Putting Ichiro in Perspective

Remarkable, but valuable?

As the regular season winds down, it is becoming more likely that Seattle Mariners right fielder Ichiro Suzuki will not get to his customary 200 hits and .300 average this year. SeattleClubhouse looks back at the streak of 10 years for Ichiro and attempts to give perspective on what value the hits provided the Mariners.

Ichiro Suzuki is somewhat of a polarizing figure in Seattle sports. Some fans love him and embrace his uniqueness; some fans despise him and call him selfish. Regardless of you are the former or the latter, Ichiro's contributions and accomplishments on the field cannot be ignored. Has this season been a struggle? Certainly. And while his $17 million salary makes the struggles seem perhaps bigger than they have been, it is also possible that Ichiro will never return to his 2001-2010 levels of performance.

Once his career ends, Ichiro will likely be an easy Hall of Famer, possibly even a first ballot guy. Last season, of course, Ichiro tied Pete Rose for the most 200-hit seasons in a career (10) and he had passed Willie Keeler for most consecutive such seasons a year earlier. But as a so-called slap hitter, what value have those hits and the high batting average brought to a Mariners franchise that has struggled on the field for most of his tenure?

Ichiro is often portrayed as out of position as a leadoff hitter by fans. They say that his free-swinging style does not play into the natural role of someone who should be leading off. But is that true? Through games of September 13th, Ichiro's career OBP of .370 ranks just 31st among players with 4,000 or more plate appearances between the start of 2001 and today. But looking a little closer, Ichiro one of only two players who has seen anything close to significant time as a leadoff man among those players. In fact, only three other leadoff types are even in the top 50 (Derek Jeter, .378, Luis Castillo, .367, and Grady Sizemore, .358). Ichiro has been on base the second most among all players in that stretch. 2,962 times on base, behind only Albert Pujols' 3,107.

The other big complaint is in the production. Ichiro simply doesn't hit with power or accumulate extra base hits, people say. Yet again, people are wrong. While he is "only" 28th in extra base hits with 446 and 59th in Isolated Power with a .096 mark, Ichiro ranks sixth in the major leagues in total bases over the 1,735 games since he entered the league with 3,123. That's 1.8 bases per game. And that is well ahead of every day players such as Michael Young, Paul Konerko, Bobby Abreu, Lance Berkman, Todd Helton and David Ortiz who have been seen as much more dangerous hitters and run producers during the past decade. His wOBA--one of the more trusted stats of the new sabermetric community--ranks 34th at .349, which is well above league average.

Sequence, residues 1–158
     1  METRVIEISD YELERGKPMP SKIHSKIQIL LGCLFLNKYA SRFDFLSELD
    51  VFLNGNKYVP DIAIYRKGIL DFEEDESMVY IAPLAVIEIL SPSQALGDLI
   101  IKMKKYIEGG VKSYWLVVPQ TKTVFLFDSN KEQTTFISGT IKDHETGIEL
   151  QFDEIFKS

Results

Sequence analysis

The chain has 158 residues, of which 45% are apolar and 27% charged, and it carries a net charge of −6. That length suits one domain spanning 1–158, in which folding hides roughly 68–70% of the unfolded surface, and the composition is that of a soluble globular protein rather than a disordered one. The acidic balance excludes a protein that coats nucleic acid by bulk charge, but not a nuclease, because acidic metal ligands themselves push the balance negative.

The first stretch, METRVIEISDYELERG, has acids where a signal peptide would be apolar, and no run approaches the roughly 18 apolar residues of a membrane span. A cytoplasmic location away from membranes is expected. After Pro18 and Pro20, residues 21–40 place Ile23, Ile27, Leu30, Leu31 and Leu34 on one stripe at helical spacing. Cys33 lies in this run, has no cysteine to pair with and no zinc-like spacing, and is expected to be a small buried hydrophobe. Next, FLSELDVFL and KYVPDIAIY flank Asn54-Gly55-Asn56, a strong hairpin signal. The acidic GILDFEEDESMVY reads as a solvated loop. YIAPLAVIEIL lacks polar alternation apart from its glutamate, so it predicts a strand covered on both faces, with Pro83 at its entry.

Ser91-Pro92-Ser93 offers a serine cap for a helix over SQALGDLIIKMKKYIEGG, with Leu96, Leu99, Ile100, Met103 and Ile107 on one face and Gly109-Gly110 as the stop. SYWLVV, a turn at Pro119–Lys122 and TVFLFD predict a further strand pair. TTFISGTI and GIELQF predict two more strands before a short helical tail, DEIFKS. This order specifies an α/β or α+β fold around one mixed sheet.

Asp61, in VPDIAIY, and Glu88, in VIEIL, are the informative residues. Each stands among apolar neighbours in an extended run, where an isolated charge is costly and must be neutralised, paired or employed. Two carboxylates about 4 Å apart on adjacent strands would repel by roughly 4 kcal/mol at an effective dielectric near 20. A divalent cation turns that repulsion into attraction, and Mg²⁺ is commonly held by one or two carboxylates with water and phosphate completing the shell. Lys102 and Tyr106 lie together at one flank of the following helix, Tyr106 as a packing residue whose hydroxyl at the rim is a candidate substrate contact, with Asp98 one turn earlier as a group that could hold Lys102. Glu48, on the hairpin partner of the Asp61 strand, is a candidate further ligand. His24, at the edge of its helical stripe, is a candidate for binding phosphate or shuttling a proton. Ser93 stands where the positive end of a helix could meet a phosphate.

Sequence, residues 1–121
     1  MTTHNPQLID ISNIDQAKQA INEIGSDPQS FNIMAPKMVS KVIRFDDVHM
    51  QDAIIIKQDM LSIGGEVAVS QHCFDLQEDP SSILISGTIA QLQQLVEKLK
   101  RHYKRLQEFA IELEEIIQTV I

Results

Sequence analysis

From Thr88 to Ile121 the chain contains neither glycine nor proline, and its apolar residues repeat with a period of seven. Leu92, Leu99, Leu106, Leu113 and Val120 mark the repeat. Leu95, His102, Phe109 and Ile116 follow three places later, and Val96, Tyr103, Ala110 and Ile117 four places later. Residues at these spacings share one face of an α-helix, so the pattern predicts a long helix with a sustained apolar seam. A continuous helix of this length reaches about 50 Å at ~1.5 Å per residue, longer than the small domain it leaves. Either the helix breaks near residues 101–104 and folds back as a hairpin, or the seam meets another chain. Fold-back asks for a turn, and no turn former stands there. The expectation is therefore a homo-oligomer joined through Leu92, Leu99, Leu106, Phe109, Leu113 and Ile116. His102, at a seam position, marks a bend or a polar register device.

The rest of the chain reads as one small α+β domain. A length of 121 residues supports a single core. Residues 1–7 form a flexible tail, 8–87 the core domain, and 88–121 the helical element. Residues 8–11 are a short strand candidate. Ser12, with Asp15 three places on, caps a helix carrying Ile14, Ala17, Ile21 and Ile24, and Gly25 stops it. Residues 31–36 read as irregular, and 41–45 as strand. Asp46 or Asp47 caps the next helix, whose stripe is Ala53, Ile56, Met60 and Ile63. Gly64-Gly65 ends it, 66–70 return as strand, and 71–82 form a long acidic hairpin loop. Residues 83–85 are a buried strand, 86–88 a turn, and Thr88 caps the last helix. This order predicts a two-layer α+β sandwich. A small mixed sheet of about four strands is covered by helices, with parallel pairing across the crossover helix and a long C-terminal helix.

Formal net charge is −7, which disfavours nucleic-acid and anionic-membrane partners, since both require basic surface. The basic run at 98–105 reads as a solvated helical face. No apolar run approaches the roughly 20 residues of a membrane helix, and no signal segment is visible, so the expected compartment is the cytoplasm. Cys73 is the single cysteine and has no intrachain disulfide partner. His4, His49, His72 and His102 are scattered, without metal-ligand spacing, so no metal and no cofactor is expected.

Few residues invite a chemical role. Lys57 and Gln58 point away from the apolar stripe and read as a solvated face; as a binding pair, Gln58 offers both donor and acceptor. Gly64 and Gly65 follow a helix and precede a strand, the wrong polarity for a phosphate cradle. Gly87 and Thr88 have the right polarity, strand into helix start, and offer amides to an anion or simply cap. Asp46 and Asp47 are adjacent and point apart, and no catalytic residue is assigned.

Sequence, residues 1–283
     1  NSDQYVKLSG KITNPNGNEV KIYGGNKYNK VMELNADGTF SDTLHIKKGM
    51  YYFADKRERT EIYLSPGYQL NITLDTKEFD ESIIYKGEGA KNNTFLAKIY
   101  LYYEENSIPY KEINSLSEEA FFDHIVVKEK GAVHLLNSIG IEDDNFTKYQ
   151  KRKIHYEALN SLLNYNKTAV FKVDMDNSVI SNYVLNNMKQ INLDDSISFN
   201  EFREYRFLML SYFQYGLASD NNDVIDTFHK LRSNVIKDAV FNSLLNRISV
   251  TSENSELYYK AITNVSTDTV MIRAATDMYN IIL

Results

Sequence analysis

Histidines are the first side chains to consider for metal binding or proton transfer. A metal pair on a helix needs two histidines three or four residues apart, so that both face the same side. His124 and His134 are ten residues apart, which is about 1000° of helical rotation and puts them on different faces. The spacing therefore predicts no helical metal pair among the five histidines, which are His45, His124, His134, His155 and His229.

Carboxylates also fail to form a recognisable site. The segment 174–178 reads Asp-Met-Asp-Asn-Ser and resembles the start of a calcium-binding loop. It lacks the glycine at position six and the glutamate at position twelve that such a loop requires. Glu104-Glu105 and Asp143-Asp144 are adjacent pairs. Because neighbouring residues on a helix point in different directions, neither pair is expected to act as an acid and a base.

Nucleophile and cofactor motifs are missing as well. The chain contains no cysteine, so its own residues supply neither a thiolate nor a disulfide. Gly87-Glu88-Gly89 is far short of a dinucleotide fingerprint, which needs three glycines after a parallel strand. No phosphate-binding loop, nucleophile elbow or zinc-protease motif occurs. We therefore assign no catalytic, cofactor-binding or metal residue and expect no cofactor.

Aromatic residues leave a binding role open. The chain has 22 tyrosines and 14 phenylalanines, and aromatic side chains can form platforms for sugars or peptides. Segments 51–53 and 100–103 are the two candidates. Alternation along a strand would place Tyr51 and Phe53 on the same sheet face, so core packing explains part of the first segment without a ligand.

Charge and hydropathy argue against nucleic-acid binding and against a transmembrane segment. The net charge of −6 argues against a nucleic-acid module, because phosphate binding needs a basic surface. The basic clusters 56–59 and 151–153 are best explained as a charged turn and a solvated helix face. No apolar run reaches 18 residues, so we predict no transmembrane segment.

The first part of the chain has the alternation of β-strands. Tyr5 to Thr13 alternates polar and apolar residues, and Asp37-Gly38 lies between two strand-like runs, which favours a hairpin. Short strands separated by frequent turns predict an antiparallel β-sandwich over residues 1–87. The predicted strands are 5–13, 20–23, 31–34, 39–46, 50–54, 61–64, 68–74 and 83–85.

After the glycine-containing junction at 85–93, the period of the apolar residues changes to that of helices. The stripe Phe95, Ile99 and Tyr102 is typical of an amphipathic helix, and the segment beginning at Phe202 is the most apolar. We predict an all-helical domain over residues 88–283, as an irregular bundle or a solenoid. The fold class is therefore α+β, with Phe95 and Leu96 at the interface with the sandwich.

As you may expect, Ichiro has also been incredibly hard to double up over that span. He indeed also ranks sixth in that category with just 55 GIDPs on his ledger. But the thing that stands out is that Suzuki has nearly 3,000 more plate appearances (7,999) than all but one other player (Johnny Damon, 7,224 PAs and 60 GIDPs) in the top 10.

So let's review: He doesn't make multiple outs. He gets on base. He accumulates total bases. Oh yeah, Ichiro also has the seventh fewest strikeouts over that span. Once again, most of the others on this list have thousands fewer plate appearances.

Ichiro ranks only 2nd in steals with 422, well behind Juan Pierre's 545. But while Pierre has been successful on 123 more attempts, he has also been caught nearly twice as many times as Ichiro: 181 to just 95.

He's been worth more batting runs (146) than Torii Hunter (91), Alfonso Soriano (90), Johnny Damon (80), Michael Young (68), Adrian Beltre (67) and Vernon Wells (52) and he ranks 14th in batting wins (14.34), too. And of the 65 players with 5,000 or more plate appearances since he entered the league, Ichiro ranks 14th in runs produced (runs scored + RBI - HR) with 1,625.

He's 5th in WAR (53.0), behind Pujols, A-Rod, Berkman and Carlos Beltran but ahead of Jeter, Chipper Jones, Jimmy Rollins, Miguel Cabrera, Todd Helton and others. He ranks as the fourth best fielder by fielding runs over that time, too, but since this is about Ichiro the hitter, I won't dive deeply into those statistics.

Ichiro certainly isn't your prototypical right fielder. He's also not the normal leadoff hitter. But he has not been miscast in that role, and he most assuredly has not done anything to hurt the Mariners by "underperforming" as some claim. Ichiro Suzuki is a very unique player, and one who ranks among the best players in the game over the last decade-plus.

Unfortunately some just can't see that.

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